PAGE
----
Impossible Foods cooks up mainstream ad attack for 2021

The Drum 14 Sep 2020 09:00
Look out America. Here comes the Impossible Burger.

A Super Bowl spot could be on the table as Impossible Foods looks to become a mass market product. We catch up with the plant-based meat brand to hear how we can expect it to be both provocative and pervasive in 2021.

Impossible Foods is preparing to move into a “new era”. Having shored up early adopters, the popular plant-based meat brand is looking to dial up mainstream, mass market awareness next year.

Rachel Konrad, the company’s chief communications officer who previously worked at Tesla, says it is at an inflection point in terms of its product life cycle. “We’re definitely going to be shaking things up.”

To date, the brand has done very little traditional advertising, relying instead on earned media, influencers and high-profile partnerships. Burger King’s Impossible Whopper was a “transformational moment”, says Konrad. It’s also available at Starbucks (Impossible Breakfast Sandwich) and at 10,000 grocery stores in all 50 states, including Walmart, Safeway and Trader Joe’s.

Meat eaters in the crosshairs

Impossible has scored high marks in terms of taste and nutrition. As it rolls out its mainstream push, it will lean into another key differentiator: sustainability. “We are torching the planet in order to put more cows on it to satisfy the demand for meat. It’s not sustainable.“

Taste, nutrition and sustainability will be the pillars for the brand’s messaging, which Konrad promises will be provocative rather than some “mushy in the middle messaging”. Impossible plans to tap into the fact that people want to be part of a movement – “to be a part of something bigger than themselves”.

Impossible has a “lean-in agenda”. In other words, it doesn’t slink away from a fight.

And when slaughterhouses came under fire during the pandemic because of health concerns, Impossible invited news crews into its plants. The contrast between its “clean, mechanized, socially distanced operations” and “leaked disgusting footage where men and women, often from other countries, working shoulder-to-shoulder eviscerating, decapitating, de-boning animals” were a stark contrast says Konrad.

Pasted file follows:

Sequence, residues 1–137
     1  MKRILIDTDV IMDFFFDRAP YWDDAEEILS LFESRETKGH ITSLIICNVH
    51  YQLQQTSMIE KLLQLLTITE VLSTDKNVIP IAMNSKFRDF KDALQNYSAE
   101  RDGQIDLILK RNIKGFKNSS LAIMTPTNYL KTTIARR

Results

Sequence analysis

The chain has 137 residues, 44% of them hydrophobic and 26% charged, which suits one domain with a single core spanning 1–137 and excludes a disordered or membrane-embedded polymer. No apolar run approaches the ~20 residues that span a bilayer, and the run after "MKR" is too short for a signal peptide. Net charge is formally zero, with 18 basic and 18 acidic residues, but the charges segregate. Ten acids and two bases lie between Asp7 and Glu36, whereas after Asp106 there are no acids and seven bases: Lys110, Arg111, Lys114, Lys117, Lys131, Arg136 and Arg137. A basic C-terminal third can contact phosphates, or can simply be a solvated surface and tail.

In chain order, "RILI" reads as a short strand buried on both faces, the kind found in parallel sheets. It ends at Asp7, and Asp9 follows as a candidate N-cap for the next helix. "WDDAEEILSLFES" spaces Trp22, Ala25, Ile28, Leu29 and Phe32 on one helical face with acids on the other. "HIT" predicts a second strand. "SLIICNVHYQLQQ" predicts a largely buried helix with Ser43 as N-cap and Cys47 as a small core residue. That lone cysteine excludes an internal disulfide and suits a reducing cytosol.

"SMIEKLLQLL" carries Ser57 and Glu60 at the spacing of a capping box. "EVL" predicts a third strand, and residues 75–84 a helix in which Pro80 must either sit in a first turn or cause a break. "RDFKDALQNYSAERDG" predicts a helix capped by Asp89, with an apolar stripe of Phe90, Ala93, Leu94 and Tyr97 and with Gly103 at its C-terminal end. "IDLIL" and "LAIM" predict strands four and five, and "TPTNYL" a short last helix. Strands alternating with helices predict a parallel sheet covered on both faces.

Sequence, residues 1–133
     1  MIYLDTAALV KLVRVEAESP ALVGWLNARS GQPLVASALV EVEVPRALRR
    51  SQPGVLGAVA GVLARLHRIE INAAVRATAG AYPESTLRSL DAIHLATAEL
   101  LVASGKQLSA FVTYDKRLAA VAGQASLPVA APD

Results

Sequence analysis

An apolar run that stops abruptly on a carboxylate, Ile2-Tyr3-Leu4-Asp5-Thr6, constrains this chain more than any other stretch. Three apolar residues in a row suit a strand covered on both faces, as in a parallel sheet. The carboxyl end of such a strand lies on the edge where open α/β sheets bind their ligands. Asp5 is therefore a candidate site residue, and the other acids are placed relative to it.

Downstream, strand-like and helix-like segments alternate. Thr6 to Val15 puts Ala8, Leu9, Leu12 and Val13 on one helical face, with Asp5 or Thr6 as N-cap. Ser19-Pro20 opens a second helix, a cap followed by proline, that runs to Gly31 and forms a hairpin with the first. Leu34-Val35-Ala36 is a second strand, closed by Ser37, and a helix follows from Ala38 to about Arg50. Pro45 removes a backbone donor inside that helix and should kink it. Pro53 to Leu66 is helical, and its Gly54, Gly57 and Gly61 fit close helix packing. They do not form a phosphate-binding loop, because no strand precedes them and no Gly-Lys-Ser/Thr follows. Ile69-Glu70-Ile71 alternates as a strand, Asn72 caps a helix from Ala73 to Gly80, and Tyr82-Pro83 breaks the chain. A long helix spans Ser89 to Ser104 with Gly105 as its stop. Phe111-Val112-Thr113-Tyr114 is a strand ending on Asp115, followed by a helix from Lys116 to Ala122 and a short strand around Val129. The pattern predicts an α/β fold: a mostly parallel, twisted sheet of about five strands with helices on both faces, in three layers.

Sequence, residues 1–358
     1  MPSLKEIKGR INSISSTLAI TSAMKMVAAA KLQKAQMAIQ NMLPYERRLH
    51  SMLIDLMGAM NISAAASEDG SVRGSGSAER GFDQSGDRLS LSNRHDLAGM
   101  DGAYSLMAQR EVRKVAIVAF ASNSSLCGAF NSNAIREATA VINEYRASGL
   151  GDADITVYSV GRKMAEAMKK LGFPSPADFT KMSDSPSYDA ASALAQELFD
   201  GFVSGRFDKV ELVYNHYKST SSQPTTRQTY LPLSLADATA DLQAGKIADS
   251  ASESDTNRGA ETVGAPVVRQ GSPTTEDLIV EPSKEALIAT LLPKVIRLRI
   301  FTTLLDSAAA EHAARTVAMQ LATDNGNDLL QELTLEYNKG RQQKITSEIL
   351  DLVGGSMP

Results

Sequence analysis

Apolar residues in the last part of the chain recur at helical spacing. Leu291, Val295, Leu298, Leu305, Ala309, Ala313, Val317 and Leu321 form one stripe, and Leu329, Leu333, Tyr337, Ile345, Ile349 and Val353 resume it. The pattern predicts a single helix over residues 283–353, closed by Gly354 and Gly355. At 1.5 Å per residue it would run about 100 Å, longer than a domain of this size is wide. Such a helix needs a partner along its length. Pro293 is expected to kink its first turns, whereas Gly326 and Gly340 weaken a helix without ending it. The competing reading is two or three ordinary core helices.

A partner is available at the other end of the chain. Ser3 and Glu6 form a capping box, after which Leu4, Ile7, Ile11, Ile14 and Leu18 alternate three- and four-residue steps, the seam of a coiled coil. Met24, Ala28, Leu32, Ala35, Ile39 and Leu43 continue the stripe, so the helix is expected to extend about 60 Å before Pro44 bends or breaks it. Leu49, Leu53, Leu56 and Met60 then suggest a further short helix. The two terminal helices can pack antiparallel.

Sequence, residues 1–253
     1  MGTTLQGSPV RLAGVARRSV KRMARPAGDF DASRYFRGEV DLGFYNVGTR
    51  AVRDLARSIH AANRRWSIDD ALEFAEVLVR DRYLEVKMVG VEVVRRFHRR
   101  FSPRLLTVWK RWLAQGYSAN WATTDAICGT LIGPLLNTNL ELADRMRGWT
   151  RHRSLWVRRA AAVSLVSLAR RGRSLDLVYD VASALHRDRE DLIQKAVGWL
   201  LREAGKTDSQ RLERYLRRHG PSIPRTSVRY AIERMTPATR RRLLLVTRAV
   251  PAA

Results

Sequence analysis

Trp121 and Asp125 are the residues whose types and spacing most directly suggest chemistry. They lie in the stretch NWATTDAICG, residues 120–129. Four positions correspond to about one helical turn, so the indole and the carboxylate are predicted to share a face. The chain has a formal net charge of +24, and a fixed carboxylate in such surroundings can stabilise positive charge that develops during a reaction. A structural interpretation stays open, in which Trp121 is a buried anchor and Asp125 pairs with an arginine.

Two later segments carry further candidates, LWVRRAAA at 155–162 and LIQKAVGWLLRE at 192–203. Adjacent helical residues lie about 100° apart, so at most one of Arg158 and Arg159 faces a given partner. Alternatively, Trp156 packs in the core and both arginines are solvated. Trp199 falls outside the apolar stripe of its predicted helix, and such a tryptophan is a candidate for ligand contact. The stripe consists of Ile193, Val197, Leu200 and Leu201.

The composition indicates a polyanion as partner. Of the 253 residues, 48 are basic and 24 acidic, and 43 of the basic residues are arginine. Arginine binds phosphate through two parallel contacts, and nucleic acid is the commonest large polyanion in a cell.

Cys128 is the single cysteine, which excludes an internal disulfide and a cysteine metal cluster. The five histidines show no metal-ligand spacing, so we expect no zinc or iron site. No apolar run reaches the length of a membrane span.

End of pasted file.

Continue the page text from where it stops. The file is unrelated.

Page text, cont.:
If current sales of fresh, plant-based, meat alternatives are any indication, Konrad may be on to something. According to Nielsen, sales were up 83.5% year-over-year for the calendar year 2019 and escalated to +134% during the pandemic period (from March 1 through August 29).

But meat is delicious!

By many accounts, Impossible has been up to the challenge in terms of taste and ability to cook with the product. Gordon Ramsay added it to his restaurant, as have many other top chefs. The investors are believers too. It has raised $1.5bn from venture capitalists, global investment firms, Katy Perry,, Serena Williams and more.

She notes that its product needs to work just as well in lasagna or shepherd’s pie as beef does, or else consumers won’t bite. “In-store is in the trenches. When they actually go ‘I’ll try that‘ and then they go ‘oh, that was actually pretty good’. That’s where you win.”

So, what about a Super Bowl spot to do the heavy lifting? “I’m not ruling out anything,” says Konrad. Sounds like a real threat from the ‘phony burger’.

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KonradImpossible FoodsRachel KonradTrader JoesJBS
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